Anthony, John, and Eustathius of Vilnius

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Anthony, John, and Eustathius of Vilnius (Lithuanian: Antanas, Jonas ir Eustachijus) or The Three Martyrs of Vilnius were 14th century martyrs (d. 1347) of the Orthodox Church in Lithuania.

The brothers Kumetis and Nizilas were formerly pagan converts to Christianity, taking the names Anthony and John in baptism. Their cousin Krulis later converted, following their example, receiving the name Eustathius.

They served in the court of the pagan Grand Duke Algirdas (Olgierd) of Lithuania. Grand Duke Algirdas was married to the Orthodox Christian Russian Princess Maria Yaroslavna, and missionaries were present to minister to the religious needs of the princess and her retinue. The Grand Duke had nominally converted to Orthodoxy, but upon the death of Maria Yaroslavna, he apostasised and resumed his pagan ways. All evangelizing became strictly proscribed.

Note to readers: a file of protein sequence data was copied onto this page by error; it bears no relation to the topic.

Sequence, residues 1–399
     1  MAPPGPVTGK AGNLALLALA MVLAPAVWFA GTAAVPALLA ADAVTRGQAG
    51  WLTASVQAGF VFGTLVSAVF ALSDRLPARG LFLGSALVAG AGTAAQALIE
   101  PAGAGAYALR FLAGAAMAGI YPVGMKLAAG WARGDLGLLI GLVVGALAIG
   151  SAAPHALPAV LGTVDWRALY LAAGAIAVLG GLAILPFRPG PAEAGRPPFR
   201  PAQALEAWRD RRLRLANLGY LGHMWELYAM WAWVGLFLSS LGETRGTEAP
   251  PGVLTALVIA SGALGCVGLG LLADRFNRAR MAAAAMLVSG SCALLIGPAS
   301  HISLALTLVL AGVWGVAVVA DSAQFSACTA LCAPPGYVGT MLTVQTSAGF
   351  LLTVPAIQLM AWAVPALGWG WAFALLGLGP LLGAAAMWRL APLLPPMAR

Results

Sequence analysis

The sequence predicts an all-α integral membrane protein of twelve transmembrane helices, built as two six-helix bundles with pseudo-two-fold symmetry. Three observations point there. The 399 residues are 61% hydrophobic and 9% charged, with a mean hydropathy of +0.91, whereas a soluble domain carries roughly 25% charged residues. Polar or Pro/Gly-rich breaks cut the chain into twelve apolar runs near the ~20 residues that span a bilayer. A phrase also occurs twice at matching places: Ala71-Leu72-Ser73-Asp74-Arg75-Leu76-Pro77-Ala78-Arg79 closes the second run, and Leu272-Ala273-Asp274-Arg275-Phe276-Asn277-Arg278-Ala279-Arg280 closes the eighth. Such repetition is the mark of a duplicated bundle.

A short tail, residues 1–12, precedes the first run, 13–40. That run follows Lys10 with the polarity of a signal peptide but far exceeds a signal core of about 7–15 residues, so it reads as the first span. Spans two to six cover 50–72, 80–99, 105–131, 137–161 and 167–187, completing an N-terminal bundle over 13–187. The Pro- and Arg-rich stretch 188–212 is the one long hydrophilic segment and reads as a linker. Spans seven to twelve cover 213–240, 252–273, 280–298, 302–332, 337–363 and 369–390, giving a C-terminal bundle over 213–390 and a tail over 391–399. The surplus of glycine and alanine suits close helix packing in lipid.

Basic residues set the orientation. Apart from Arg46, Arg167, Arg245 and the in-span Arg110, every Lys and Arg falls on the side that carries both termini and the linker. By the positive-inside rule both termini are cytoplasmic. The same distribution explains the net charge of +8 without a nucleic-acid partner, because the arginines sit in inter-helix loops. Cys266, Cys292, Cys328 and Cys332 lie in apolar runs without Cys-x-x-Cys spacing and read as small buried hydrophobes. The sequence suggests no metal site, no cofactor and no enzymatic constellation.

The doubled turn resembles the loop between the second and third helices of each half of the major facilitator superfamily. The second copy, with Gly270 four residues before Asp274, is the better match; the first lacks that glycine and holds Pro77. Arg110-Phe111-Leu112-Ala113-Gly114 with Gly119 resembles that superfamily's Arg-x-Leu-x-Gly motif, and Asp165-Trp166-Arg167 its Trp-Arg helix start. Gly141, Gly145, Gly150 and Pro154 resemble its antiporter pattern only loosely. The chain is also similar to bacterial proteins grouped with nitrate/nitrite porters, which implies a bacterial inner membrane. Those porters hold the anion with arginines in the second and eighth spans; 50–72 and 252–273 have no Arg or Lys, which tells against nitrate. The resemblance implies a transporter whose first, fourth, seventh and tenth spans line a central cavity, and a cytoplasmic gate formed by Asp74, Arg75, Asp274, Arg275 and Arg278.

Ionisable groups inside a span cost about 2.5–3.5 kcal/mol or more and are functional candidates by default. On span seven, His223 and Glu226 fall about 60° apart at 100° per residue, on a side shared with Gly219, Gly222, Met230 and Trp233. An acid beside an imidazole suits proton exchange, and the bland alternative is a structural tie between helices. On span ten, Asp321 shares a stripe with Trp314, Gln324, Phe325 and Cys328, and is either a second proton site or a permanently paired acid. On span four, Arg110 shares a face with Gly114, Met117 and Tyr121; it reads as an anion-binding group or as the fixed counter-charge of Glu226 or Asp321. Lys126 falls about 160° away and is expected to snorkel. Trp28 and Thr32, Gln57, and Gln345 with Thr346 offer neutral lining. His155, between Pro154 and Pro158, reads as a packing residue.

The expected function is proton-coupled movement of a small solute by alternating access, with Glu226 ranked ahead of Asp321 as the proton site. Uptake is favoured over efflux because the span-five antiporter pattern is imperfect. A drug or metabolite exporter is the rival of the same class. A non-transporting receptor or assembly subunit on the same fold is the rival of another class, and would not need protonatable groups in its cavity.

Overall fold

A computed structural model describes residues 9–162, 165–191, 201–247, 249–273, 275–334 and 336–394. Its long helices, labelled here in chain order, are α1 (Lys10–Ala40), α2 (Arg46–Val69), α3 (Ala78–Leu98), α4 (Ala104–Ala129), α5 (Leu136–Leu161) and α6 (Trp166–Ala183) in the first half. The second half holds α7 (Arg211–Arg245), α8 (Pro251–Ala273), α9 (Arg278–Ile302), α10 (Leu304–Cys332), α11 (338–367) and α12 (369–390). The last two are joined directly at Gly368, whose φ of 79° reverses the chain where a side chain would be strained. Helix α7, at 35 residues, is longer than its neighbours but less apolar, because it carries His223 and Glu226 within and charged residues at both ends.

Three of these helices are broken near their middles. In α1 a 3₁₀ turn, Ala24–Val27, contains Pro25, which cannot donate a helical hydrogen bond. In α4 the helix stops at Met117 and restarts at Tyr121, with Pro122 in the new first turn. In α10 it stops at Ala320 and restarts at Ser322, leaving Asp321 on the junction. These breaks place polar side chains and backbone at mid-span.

The three youths kept their conversion secret initially, but it was eventually noticed that they would fast at certain seasons and also did not cut their beards (which was the custom for Christians of that time and place). Because of their refusal to eat meat offered to pagan idols particularly during a fast, they were killed by Algirdas. Algirdas later realized that he had an opportunity for political connection with the imperial court in Constantinople and had a church built on the site of the martyrdom.

Their incorrupt relics are now enshrined in the Monastery of the Holy Spirit in Vilnius, Lithuania.

Their feast is celebrated on April 14.

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